Current iPhones can quickly drive any headphones down to an 8-Ohm impedance. We don’t know if they can go lower, but that’s because no such headphones are currently available.

However, that doesn’t mean you shouldn’t be careful. There’s a reason why Apple recommends that you stay around 32 ohms. If you plug 8 Ohm headphones into your iPhone, it will probably drive them to painfully loud levels.

Be especially careful with in-ear headphones; high sound pressure levels delivered directly into your ears might cause permanent damage to your hearing.

What if I Want to Use Large Studio Headphones With My iPhone?


Most large studio headphones have a level of around 600 Ohms; some even go higher. Such a high rating means that your iPhone will not be capable of driving them on its own, and even if it does, it’s bound to introduce some distortion to the sound.

If you’re using headphones that are hard to drive, you will need a dedicated headphone amplifier.

An amplifier is an external device that sits between your iPhone and your headphones, giving the phone’s signal a power boost. This device does the job usually done by the iPhone’s internal amplifier.

Headphone amplifiers are available in a variety of sizes. Mobile, battery-powered ones are probably the best choice with an iPhone; that way, you can listen to your high-end headphones on the go.

However, if you want a high-quality listening experience, a desktop amplifier will do an even better job.

Related Questions

1. Is it possible to damage anything by choosing the wrong Impedance?

Not really. If you plug a pair of ultra-high headphones into your iPhone, the worst thing that can happen is a muted response.

On the other hand, as we mentioned earlier, extremely low headphones can burn an amplifier. However, that shouldn’t concern you, as the latest iPhone models can quickly drive the lowest-impedance headphones available.

2. Does higher Impedance mean better sound quality?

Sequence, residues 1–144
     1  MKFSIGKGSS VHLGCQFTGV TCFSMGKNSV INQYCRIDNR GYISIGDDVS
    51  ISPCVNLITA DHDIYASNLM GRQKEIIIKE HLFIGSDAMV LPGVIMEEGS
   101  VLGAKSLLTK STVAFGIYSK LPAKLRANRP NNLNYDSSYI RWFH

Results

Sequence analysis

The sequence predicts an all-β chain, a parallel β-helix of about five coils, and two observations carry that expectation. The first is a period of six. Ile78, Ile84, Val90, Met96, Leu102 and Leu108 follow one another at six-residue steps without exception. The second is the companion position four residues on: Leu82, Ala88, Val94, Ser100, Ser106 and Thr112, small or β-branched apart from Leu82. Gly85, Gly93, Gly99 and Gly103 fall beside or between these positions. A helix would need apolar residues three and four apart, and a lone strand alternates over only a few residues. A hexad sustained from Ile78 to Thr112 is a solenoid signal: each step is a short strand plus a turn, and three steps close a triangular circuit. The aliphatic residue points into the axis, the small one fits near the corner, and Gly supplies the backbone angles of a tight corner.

Not at all. As we explained, Impedance is a way to describe some of the properties of an electrical circuit and is not directly related to sound quality.

Most studio headphones have higher impedance ratings because of their more robust drivers, making it harder for current to pass through.

The market offers a wide selection of 32 Ohm headphones, and many of them produce excellent sound quality. Since mobile audio is so popular, many manufacturers make low-impedance versions of some of their studio headphones.

3. Is Impedance the only thing that controls how loud my headphones are?

One more thing to think about is how sensitive your headphones are. One definition of this quality is increased decibel levels per watt of supplied electricity.

As a result, even if two headphones have identical impedance ratings, they can deliver different proper output levels. Because you need to know if you’ll get enough sound, you should test your cans if you’re unsure before buying them.


The last few iPhone models do an excellent job driving 250-ohm headphones. Unless you choose the least sensitive ones, your iPhone will quickly move them to comfortable listening levels.

If you want to use headphones with an even higher impedance, you can—you only need an external headphone amplifier. You can choose between mobile devices and desktop editions based on your needs.